Coronaviruses—the Common Cold, SARS, MERS—Spike Protein

Coronaviruses (CoVs) are a common cause of infection in many animal species. In humans, CoVs are most often associated with the common cold, but can cause more serious conditions such as SARS and MERS. These enveloped viruses access their host cells by binding to receptors on the plasma membrane and then undergo fusion with the host membrane. Both binding and fusion are mediated by a specific viral spike protein.

Gary Whittaker, Microbiology and Immunology, and Susan Daniel, Chemical Engineering, are taking an integrated biophysical, biochemical, and in vivo approach to study the unique cleavage-activated regulation of coronavirus fusion spike protein.

The researchers use an innovative single particle tracking technique to assess fusion function. The research monitors structural changes of the fusion peptide and host membrane using a suite of spectroscopic methods. These data—combined with in vivo infectivity experiments—will reveal how structure, function, and ultimately pathogenesis is critical to understanding coronavirus emergence in the human population. The studies will allow the researchers to determine common principles that can be applied to all CoVs.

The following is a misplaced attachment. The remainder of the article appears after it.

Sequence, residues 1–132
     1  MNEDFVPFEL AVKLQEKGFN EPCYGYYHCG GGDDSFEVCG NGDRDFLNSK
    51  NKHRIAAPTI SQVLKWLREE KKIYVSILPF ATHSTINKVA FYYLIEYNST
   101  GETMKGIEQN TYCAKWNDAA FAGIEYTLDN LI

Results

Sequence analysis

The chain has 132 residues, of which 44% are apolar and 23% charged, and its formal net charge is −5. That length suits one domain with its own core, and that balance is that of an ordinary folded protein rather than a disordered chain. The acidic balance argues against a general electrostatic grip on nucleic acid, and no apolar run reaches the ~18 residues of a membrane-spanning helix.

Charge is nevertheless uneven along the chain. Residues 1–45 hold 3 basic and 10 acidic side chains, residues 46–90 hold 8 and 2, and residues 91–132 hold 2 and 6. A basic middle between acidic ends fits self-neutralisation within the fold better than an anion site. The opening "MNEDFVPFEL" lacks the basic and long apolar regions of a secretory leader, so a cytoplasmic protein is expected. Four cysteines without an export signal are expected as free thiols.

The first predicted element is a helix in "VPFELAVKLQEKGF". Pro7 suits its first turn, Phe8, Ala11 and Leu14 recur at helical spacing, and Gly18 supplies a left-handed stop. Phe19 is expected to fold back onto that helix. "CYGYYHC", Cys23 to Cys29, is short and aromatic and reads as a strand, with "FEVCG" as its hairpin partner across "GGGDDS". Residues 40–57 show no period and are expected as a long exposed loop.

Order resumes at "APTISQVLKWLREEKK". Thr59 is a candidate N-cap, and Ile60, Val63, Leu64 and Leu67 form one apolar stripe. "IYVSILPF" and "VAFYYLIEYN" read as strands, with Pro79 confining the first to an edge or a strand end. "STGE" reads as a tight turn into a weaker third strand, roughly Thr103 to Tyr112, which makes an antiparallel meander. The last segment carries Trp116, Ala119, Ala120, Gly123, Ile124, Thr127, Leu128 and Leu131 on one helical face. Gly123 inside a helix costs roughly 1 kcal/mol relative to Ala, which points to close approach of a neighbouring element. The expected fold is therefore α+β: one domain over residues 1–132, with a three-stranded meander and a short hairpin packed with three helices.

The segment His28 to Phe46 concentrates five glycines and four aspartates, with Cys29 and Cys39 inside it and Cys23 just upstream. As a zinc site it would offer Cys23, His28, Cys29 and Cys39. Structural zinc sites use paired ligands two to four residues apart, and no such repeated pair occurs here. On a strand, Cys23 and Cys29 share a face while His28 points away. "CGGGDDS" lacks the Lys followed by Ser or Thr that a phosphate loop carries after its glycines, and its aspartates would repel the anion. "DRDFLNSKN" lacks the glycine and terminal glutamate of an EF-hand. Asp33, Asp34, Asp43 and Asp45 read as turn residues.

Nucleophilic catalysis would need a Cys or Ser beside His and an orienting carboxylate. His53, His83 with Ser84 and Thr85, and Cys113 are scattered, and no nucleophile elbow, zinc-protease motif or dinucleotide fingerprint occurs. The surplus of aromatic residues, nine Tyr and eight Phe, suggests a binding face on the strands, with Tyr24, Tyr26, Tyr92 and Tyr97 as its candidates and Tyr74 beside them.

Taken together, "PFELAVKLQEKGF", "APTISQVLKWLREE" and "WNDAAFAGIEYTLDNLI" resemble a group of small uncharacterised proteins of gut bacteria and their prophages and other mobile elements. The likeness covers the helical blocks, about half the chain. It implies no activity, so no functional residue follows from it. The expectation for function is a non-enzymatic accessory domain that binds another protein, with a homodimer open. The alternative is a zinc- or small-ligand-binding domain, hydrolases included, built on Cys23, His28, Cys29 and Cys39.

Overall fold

Moving the field forward with these innovative studies will provide critical knowledge about CoV entry and tropism. This knowledge is crucial to safeguarding human health from an emerging pathogen likely to cause severe outbreaks for which few or no medical countermeasures exist.

NIH Award Number: 1R01AI135270-01A1

Cornell Researchers

Funding Received

$2 Million spanning 4 years